If you own, say, a Ford store, the new Fords you sell are exactly the same as every new Ford sold by every other Ford dealer.
The manufacturers come in every few years and force, coerce, and cajole their dealers into spending millions on building shiny new facilities on a standard platform, so your dealership even looks like every other dealership.
Internet shopping, stairstep incentives, and the suggested retail pricing structure have universally compressed margins, so there’s not a whole heck of a lot of difference in the prices dealers charge.
And through those same incentives, co-op money, and holdbacks, the factories now exert greater control over your dealership’s advertising than ever before.
There are thousands of other dealerships selling exactly the same vehicles you sell for exactly the same price out of buildings that look exactly the same using advertising that says exactly the same thing.
That’s the definition of a commodity. It’s like you’re selling salt, and the only way to make more money selling salt is to sell it in ever-increasing volume for ever-decreasing prices.
That’s the race to the bottom.
But here’s the thing, you’re not selling salt.
You have a secret weapon in your store now that can help your dealership stand out in a sea of sameness, help you sell more cars for more money, and help your customers have a more enjoyable buying experience.
People connect with people. They want to do business with people. They can put their trust in people.
Nine out of 10 consumers trust recommendations and reviews from the people in their lives more than the information they receive from any form of communication from your dealership. More than they trust your social media. Overwhelmingly more than they trust your advertising.
You’ve been told for years that content is king, but that’s no longer true. Content is necessary. Connection is king. The engagement your connections create is the holy grail.
Car buyers are eight times more likely to engage with content shared by people they already know, like, and trust than with content posted directly by the store.
The people on your team and the connections they already have are the only things you have left to differentiate yourself from every other store.
Do the math.
The average dealership has just north of sixty employees. Sixty employees with roughly 20,000 social connections (300 ish each) who will buy roughly 400 vehicles this month.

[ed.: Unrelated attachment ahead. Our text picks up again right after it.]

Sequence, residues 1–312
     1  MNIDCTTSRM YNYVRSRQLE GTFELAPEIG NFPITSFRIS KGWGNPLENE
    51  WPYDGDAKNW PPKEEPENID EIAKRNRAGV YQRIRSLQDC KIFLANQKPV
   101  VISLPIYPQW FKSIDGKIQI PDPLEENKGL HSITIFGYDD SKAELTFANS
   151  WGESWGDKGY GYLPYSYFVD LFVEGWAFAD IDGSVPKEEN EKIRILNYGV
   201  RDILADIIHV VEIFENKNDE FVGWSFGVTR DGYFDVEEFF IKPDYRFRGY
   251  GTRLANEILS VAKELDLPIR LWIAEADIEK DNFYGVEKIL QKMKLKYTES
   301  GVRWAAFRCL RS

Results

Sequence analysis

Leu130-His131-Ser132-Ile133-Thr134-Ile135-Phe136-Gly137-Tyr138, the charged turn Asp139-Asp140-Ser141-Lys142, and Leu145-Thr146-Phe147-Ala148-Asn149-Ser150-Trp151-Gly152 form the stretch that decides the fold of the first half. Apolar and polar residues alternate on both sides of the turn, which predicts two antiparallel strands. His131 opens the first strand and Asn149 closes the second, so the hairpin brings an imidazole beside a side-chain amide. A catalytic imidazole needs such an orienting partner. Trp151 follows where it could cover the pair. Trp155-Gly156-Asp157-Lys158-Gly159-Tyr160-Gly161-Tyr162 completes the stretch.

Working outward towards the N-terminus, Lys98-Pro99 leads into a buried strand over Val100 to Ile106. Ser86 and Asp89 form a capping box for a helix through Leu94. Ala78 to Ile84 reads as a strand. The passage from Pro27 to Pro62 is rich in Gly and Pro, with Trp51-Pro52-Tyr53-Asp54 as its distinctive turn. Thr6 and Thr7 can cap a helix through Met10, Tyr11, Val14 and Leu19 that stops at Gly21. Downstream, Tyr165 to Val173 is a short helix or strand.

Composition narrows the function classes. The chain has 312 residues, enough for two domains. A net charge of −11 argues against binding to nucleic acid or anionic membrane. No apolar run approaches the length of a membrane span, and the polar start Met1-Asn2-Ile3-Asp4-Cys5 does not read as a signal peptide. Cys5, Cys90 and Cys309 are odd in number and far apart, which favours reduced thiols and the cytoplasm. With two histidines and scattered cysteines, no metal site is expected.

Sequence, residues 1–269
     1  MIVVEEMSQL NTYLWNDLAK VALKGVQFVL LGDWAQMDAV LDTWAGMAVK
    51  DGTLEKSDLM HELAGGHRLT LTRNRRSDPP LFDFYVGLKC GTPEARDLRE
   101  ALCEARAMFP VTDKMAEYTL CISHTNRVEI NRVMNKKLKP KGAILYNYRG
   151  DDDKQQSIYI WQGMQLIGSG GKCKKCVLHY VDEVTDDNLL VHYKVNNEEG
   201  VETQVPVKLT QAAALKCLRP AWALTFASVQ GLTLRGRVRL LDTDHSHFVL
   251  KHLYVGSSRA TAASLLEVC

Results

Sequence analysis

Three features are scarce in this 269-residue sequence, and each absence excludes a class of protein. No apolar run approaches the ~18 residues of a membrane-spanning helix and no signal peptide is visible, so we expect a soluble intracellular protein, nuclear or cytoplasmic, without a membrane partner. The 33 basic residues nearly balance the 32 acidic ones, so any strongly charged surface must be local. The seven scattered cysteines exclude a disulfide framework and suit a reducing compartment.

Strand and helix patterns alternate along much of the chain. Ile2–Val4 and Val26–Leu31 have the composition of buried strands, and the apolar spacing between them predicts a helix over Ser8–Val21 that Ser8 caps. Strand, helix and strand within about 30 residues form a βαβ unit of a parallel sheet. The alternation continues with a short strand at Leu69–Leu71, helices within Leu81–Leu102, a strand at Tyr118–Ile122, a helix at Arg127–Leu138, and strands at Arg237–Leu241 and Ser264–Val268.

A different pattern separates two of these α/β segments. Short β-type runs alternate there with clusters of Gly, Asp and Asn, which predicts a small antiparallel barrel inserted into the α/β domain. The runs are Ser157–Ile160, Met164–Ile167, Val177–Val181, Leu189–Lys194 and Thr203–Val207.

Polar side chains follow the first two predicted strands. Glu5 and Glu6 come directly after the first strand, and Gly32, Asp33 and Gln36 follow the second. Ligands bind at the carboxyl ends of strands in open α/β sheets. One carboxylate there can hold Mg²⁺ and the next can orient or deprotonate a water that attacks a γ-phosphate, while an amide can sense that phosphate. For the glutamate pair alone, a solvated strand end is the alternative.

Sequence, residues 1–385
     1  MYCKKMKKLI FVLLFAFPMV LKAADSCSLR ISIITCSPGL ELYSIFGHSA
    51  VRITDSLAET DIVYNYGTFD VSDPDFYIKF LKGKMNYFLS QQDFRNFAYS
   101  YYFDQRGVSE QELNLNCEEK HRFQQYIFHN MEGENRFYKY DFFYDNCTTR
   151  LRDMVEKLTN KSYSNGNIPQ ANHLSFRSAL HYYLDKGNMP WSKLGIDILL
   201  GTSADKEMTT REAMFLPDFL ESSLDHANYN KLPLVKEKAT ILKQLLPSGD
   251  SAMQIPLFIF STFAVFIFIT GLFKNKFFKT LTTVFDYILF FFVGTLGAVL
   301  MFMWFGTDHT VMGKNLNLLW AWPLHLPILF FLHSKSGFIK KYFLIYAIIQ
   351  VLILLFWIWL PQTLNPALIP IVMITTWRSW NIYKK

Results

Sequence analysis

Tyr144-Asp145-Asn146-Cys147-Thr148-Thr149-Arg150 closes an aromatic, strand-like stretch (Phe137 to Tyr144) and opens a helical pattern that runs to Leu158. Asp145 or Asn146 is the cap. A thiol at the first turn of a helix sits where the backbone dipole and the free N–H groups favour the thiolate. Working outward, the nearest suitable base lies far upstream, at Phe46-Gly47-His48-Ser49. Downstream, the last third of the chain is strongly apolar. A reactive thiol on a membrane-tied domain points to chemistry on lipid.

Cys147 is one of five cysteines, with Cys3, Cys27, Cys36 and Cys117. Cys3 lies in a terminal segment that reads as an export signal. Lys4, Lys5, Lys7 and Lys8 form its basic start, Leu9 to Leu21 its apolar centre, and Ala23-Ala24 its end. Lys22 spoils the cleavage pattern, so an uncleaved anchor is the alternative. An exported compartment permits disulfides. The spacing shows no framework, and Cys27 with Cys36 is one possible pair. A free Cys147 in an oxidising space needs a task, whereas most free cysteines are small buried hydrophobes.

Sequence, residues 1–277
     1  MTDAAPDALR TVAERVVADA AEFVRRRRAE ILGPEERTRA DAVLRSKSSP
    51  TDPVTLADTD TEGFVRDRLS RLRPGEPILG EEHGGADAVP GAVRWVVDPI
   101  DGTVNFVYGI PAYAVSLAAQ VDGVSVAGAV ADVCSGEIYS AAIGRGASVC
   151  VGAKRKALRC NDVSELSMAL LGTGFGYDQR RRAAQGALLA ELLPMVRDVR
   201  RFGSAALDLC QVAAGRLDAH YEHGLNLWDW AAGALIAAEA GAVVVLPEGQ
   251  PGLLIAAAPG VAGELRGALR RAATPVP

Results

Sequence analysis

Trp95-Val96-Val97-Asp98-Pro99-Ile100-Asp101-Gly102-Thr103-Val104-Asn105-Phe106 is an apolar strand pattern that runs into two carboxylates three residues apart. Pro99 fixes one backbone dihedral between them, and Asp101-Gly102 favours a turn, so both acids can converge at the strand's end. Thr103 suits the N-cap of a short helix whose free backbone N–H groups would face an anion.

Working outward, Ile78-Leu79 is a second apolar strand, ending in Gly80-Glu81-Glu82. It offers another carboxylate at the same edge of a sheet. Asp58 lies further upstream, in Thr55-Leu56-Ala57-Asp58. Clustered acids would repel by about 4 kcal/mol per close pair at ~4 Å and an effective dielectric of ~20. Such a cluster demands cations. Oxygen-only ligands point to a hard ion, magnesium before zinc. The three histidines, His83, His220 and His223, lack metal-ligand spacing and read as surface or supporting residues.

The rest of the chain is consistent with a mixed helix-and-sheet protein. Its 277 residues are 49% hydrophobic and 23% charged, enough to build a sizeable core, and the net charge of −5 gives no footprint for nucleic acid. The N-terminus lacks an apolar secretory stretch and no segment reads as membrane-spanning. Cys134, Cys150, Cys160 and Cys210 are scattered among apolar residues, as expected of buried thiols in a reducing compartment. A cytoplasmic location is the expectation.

That’s your natural market, low hanging fruit that your store can start picking today by encouraging, incentivizing, and enabling your people to help tell your dealership’s story.
“It’s one thing when you see brands brag about themselves. It’s another thing when employees share genuine pride in the place where they work. When you see a post from a company, it feels like a logo talking to you. But when you see a post from a friend or a colleague, you’re looking at it as a human being who is sharing their thoughts and feelings. It has a different vibe. It has credibility,” says Kirt Simmer, Senior Manager of Social Media Marketing at staffing firm Robert Half.
Happy employees create happy customers.
Do first things first; make sure you have an engaged, happy, excited team.
Create a culture that they want to share with their friends. If you want your people to talk about you, you have to give them a work experience worth talking about.
You can’t spend 73 minutes screaming at your employees or boring them to tears at the weekly half-hour-long mandatory meeting and expect them to log on to social media and talk about how amazing your dealership is.
Culture always starts at the top. The body follows where the head goes.
That means you and your management team have to lead the way by telling the story that you want them to tell.
Creating content for them to share.
Rewarding them for sharing it, engaging their personal network, and spreading the love about your dealership.
“I take lots of photos and videos that include our employees. We don’t use outside sources for any of our social media platforms. So what content we share, it’s us,” says Cathy Nesbit, social media director for Harry Robinson Buick GMC in St. Smith, AR. “Then, I tag the employees in those posts.”
By tagging the employee, they’re sure to see the post and be more likely to engage with it. Many of their friends will see the post and be more likely to engage with it.
Engagement leads to conversations. Conversations lead to sales.
Ding. Ding. Ding.
The dealership shares major company news via departmental GroupMe Groups and asks the team to share it on their personal social media.
Managers will issue challenges to share certain promotions or vehicles and reward employees with cash on the barrelhead for those who actively engage real customers.
Of course, you want your salespeople active on social media, but the people in parts, service, the back office, the body shop, they all have people in their lives too.
Make it easy for them to show pride in their place of work, and put a friendly human face on your store’s marketing and social media efforts.
He conducts social sales training through keynote speeches, customized workshops designed for your business and through one-on-one coaching to provide the personalization and accountability to make big things happen.
Learn more at TerryLancaster.org. Call or text 615-212-9228
Latest posts by Terry Lancaster
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